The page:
FRANKFORT, KY (CHNI) - Kentucky voters this fall can place into the state constitution "victims' bill of rights" after the state House of Representatives Wednesday joined the state Senate in passing a constitutional ballot initiative popularly known as Marsy's Law.
Senate Bill 3, sponsored by Senate Judiciary Chairman Whitney Westerfield, R-Hopkinsville, is named for a California woman murdered by her stalker in the mid-1980s.
If approved by voters this fall, the measure will add to the state constitution a set of rights for crime victims: right of notice of all court proceedings in the case; right to be present and heard at trial, pleading or sentencing; and right to notice of release of the accused. Rep. John Blanton, R-Salyersville, who carried the measure in the House and who is a former Kentucky State Police officer, said his law enforcement experience dealing with victims "drives me to support this bill."
He said victims often have fewer rights at law than those accused of harming them and Marsy's Law "seeks to balance the scales of justice."
Watching from the House gallery was Melissa Buchanan whose brother, Charlier Prater, was murdered in Lewis County in 2000. Four men were arrested and three of them released pending trial.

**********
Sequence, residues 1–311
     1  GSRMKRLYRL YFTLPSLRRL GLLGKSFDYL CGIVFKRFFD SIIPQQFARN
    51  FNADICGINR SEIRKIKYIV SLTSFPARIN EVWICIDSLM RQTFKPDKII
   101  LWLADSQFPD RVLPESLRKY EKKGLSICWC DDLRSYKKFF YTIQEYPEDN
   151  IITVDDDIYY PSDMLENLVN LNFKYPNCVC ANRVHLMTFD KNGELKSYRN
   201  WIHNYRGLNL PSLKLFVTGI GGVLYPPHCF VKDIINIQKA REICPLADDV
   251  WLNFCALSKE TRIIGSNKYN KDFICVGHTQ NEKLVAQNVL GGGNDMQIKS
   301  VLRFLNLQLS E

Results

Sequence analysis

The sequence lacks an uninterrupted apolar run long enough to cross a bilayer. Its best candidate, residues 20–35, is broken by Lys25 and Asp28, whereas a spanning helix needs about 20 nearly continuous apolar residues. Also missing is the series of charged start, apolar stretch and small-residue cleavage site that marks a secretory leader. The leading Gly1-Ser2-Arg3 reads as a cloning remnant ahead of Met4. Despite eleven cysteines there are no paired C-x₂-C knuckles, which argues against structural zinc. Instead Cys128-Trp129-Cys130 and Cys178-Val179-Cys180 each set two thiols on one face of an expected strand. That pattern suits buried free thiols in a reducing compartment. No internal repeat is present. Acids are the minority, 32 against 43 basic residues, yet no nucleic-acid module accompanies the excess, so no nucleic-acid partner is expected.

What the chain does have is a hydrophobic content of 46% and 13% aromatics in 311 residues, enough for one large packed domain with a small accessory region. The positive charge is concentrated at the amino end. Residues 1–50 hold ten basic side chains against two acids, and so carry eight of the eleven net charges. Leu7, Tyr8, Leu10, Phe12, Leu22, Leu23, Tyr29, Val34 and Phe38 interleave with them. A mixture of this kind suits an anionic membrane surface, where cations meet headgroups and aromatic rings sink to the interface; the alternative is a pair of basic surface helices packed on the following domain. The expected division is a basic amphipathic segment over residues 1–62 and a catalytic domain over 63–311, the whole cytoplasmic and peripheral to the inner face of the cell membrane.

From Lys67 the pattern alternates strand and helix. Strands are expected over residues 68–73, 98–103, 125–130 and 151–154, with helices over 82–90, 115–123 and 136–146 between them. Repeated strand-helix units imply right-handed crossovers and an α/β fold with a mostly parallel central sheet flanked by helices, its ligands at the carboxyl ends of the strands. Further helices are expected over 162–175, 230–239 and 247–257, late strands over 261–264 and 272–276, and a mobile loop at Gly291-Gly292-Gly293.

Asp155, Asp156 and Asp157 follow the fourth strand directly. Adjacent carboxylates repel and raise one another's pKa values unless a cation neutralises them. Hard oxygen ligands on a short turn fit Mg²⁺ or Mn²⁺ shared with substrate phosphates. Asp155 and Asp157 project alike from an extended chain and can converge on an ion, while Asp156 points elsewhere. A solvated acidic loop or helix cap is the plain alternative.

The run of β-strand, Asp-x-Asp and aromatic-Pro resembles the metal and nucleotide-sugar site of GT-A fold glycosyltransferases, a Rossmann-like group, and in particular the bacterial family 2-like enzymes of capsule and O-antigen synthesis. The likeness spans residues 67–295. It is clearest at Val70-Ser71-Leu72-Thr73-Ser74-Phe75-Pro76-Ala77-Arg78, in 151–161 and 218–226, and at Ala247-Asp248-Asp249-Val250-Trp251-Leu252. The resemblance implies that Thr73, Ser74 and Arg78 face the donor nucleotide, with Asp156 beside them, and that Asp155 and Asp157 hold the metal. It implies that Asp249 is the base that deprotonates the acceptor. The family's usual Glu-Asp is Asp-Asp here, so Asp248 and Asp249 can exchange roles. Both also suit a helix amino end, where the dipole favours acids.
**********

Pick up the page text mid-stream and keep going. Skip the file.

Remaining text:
Two of them, Buchanan said, stalked her, called her on the phone and drove menacingly past her home. But because they did not commit a specific crime, she said, local prosecutors and law enforcement were powerless to help her.
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The measure is opposed by some defense attorneys who fear it is too broad, may weaken the rights of the accused before conviction and place more burdens on an already overloaded criminal justice system. But it had no problem in the General Assembly, sailing through the House on an 87-3 vote. It previously passed the Senate 34-1.
Westerfield pointed to the lack of debate in both chambers after the House vote Wednesday, including some trial attorneys in the legislature. Ashlea Christiansen, Executive Director of Marsy's Law Kentucky, thanked Westerfield and Blanton for sponsoring the measure as well as the 40,000 people who signed petitions seeking to have the question placed on the ballot this fall.
Buchanan was grateful, too.
"On behalf of my brother, my family and myself and crime victims everywhere - this is big," she said. "This is important to us."
When her brother was killed, Buchanan recalled she had to rely on local media for information about the case against his accused killers until the Kentucky Attorney's General entered the case and kept her informed.
Because it is a constitutional amendment, the measure required a three-fifths majority in each chamber and does not require the governor's signature. Its passage by both chambers ensures it will appear on the 2018 November ballot.
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